N2 - Objectives. At present, 35% to 50% of patients with clinically localized renal cell carcinoma (RCC) unpredictably have a recurrence after surgical therapy. Presently, no clinical serum marker exists to detect occult metastases and to allow measurement of response to therapy in RCC. Serum ferritin was previously reported to correlate with pathologic stage. We postulated that this increase in serum ferritin with increasing stage might reflect tumor volume, since higher stage tumors are often larger. Methods. Serum ferritin levels were measured preoperatively in 30 patients with radiologic evidence of RCC. Tumor volume and the largest tumor dimension were calculated from either the pathologic specimen (n = 24) or from the computed tomography or magnetic resonance imaging (n = 30). Pathologic stage was determined for all patients undergoing surgery (T1 = 3, T2 = 12, and T3 = 9). Results. Preoperative serum ferritin levels did not correlate with age, blood urea nitrogen levels, creatinine levels, hematocrit, race, or gender. Although mean serum ferritin levels increased with increasing stage (T1 = 113 ± 75, T2 = 254 ± 270, and T3 = 425 ± 257 ng/mL), these differences did not reach statistical significance (P >0.05). Serum ferritin did, however, correlate with tumor volume (R = 0.75; P < 0.0001) and the largest tumor dimension measured from radiographic studies (R = 0.8; P <0.0001). Serum ferritin measured intraoperatively from the renal vein (666 ng/mL) and the inferior vena cava (564 ng/mL) from a patient with a 500 cc tumor (preoperative serum ferritin, 552 ng/mL) suggested that the tumor was the source of the elevated ferritin levels. Histologic sections from tumors taken from patients with high serum ferritin levels were more necrotic and stained intensely positively for iron and immunohistochemically for ferritin, whereas adjacent histologically normal tissue did not. Conclusions. These data suggest that ferritin may be a useful serum marker for monitoring patients with RCC, but the actual source of the ferritin remains unclear and dictates further investigation.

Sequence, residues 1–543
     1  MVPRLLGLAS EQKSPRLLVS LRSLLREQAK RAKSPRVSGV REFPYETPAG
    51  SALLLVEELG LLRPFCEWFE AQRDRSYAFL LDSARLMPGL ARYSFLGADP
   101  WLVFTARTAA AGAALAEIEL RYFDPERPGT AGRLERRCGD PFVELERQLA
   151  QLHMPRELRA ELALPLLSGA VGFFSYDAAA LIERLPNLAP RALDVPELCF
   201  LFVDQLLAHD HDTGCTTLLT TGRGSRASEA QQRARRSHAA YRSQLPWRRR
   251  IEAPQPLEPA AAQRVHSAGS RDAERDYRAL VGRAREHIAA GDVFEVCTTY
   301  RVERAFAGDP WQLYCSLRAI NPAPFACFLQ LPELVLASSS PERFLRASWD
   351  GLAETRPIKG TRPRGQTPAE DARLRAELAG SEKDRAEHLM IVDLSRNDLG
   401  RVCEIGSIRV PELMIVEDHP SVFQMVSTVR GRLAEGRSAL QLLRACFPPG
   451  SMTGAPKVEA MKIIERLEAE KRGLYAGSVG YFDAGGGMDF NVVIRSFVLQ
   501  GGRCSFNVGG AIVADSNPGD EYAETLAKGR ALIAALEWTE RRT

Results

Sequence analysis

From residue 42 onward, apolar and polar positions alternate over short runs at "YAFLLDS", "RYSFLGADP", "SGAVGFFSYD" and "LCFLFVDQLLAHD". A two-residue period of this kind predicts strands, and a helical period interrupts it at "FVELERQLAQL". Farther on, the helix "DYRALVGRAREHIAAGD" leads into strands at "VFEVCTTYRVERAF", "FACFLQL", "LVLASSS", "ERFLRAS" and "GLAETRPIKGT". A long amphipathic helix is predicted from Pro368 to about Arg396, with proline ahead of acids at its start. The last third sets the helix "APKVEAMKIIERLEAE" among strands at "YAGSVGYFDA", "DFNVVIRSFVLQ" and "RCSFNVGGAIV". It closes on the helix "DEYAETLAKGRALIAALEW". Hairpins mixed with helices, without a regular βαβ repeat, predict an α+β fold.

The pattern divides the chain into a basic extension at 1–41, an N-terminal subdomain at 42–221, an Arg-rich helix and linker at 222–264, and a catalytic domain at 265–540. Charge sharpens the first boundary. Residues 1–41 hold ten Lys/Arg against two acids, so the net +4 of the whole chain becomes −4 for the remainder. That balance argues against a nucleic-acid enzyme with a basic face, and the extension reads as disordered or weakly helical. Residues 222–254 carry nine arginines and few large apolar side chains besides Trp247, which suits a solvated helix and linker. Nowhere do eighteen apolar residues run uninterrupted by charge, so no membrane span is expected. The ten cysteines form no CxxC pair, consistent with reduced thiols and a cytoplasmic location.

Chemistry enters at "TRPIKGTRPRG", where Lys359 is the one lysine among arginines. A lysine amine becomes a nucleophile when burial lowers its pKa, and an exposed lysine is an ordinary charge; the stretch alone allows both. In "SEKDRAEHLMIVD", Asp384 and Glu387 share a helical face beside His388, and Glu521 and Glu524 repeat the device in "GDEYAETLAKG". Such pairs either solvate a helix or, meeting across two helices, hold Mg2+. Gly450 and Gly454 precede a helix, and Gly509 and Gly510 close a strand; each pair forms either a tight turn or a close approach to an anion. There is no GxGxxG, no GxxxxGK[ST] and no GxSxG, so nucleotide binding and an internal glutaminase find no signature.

AB - Objectives. At present, 35% to 50% of patients with clinically localized renal cell carcinoma (RCC) unpredictably have a recurrence after surgical therapy. Presently, no clinical serum marker exists to detect occult metastases and to allow measurement of response to therapy in RCC. Serum ferritin was previously reported to correlate with pathologic stage. We postulated that this increase in serum ferritin with increasing stage might reflect tumor volume, since higher stage tumors are often larger. Methods. Serum ferritin levels were measured preoperatively in 30 patients with radiologic evidence of RCC. Tumor volume and the largest tumor dimension were calculated from either the pathologic specimen (n = 24) or from the computed tomography or magnetic resonance imaging (n = 30). Pathologic stage was determined for all patients undergoing surgery (T1 = 3, T2 = 12, and T3 = 9). Results. Preoperative serum ferritin levels did not correlate with age, blood urea nitrogen levels, creatinine levels, hematocrit, race, or gender. Although mean serum ferritin levels increased with increasing stage (T1 = 113 ± 75, T2 = 254 ± 270, and T3 = 425 ± 257 ng/mL), these differences did not reach statistical significance (P >0.05). Serum ferritin did, however, correlate with tumor volume (R = 0.75; P < 0.0001) and the largest tumor dimension measured from radiographic studies (R = 0.8; P <0.0001). Serum ferritin measured intraoperatively from the renal vein (666 ng/mL) and the inferior vena cava (564 ng/mL) from a patient with a 500 cc tumor (preoperative serum ferritin, 552 ng/mL) suggested that the tumor was the source of the elevated ferritin levels. Histologic sections from tumors taken from patients with high serum ferritin levels were more necrotic and stained intensely positively for iron and immunohistochemically for ferritin, whereas adjacent histologically normal tissue did not. Conclusions. These data suggest that ferritin may be a useful serum marker for monitoring patients with RCC, but the actual source of the ferritin remains unclear and dictates further investigation.